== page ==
The Hot Sardines, “Caravan”
Not many bands have seized the postmillennial early-jazz spotlight with as much gusto as The Hot Sardines. An eight-piece outfit co-led by singer Elizabeth Bougerol and pianist Evan Palazzo, it has devoted more than the last decade to a razzle-dazzle reclamation of prewar swing, often with a healthy dose of humor.
And if you’ve seen The Hot Sardines in action — at a Lower Manhattan haunt, or at the New York Hot Jazz Festival — you know how much oomph they put into their connection with an audience. That’s the secret sauce on their live album Welcome Home, Bon Voyage (Eleven Records), due out on April 19. Produced by Eli Wolf, it was recorded in two bursts at Joe’s Pub in New York and Koerner Hall in Toronto, Ontario.
Here is an exclusive premiere of the album’s first single, an action-packed version of the Juan Tizol-Duke Ellington anthem “Caravan,” with an arrangement by Broadway orchestrator Bill Elliott.
Welcome Home, Bon Voyage will be available on April 19, with a special vinyl release on April 13 for Record Store Day. The Hot Sardines appear at Club Cumming, the actor Alan Cumming’s East Village cabaret, on March 12 and 26, before an album-release show on April 26 at Joe’s Pub.
Steve Davis, “Batista’s Revenge”
Correlations, the title of a new album by trombonist Steve Davis, implies more than one big idea. To “correlate” means, among other things, “to establish a mutual or reciprocal relation between,” per Merriam-Webster — and Davis does precisely that, with five other musicians who had never worked as a unit before. They are trumpeter Joshua Bruneau, saxophonist Wayne Escoffery, pianist Xavier Davis, bassist Dezron Douglas and drummer Jonathan Barber. To a man, they’re insightful musicians who share Davis’ foothold in the modern-jazz mainstream.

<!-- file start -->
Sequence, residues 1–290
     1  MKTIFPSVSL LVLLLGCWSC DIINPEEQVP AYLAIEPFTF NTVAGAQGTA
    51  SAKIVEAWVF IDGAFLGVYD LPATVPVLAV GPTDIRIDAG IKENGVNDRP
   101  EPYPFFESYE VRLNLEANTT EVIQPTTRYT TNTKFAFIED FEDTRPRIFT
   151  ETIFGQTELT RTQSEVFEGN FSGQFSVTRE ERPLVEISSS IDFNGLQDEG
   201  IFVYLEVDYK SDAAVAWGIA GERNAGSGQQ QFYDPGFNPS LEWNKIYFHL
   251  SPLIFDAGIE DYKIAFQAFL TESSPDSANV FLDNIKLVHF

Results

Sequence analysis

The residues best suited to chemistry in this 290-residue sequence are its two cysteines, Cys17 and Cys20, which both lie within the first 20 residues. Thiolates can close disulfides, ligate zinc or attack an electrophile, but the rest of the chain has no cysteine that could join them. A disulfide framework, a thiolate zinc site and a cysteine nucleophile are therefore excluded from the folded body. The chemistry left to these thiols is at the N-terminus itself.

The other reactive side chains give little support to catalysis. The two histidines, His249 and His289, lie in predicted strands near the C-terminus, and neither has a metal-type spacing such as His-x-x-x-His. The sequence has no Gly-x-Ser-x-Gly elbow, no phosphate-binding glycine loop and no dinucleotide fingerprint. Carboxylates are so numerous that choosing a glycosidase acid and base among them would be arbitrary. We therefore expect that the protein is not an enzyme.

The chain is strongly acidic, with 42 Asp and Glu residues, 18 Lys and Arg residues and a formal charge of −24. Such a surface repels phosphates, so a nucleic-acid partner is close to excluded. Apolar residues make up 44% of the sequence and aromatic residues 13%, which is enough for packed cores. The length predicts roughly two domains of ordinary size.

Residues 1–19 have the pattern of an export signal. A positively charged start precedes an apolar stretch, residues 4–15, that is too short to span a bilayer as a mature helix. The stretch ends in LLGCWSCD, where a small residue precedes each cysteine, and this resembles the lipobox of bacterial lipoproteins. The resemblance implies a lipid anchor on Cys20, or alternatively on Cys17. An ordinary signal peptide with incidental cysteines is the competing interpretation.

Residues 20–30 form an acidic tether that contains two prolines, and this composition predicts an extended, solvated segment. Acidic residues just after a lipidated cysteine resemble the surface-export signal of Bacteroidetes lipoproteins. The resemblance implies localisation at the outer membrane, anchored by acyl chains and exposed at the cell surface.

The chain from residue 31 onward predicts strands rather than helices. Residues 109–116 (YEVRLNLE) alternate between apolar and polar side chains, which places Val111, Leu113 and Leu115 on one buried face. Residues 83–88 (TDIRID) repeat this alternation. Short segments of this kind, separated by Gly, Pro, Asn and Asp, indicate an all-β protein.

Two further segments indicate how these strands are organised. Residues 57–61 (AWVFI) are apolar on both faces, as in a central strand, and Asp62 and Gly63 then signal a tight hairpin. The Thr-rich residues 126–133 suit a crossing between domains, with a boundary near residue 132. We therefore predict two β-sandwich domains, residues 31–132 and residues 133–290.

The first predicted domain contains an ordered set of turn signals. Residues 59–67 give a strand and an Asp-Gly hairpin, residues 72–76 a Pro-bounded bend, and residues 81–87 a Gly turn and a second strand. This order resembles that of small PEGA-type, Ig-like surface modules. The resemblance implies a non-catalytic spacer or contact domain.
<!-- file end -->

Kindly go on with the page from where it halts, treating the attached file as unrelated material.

And yes, there are correlations between past and present on this album. Davis includes tunes by a few of his heroes, including Horace Silver, whose ballad “Peace” receives a sensitive treatment. The track above, “Batista’s Revenge,” is a Davis original that bears a knowing resemblance to Silver’s classic “Cape Verdean Blues.” Listen for sharp solos by Bruneau and Escoffery, and some effective talking drum in the outro by guest percussionist Cyro Baptista. (No relation to the name in the title, a nod to former major league infielder Tony Batista.)
Correlations will be released on Smoke Sessions Records on Friday. The Steve Davis Sextet performs Thursday through Saturday at Smoke Jazz & Supper Club.
Laurence Hobgood, “Suite: Judy Blue Eyes”
Laurence Hobgood was not yet 10 years old when Crosby Stills & Nash first performed “Suite: Judy Blue Eyes,” at the Woodstock Music & Art Fair. But he grew up in a world where the song, which Stephen Stills wrote for Judy Collins, held an outsize fascination. Hobgood, an ever-insightful pianist, arranger and composer, brings that perspective to his version of the song, for piano trio with string quartet.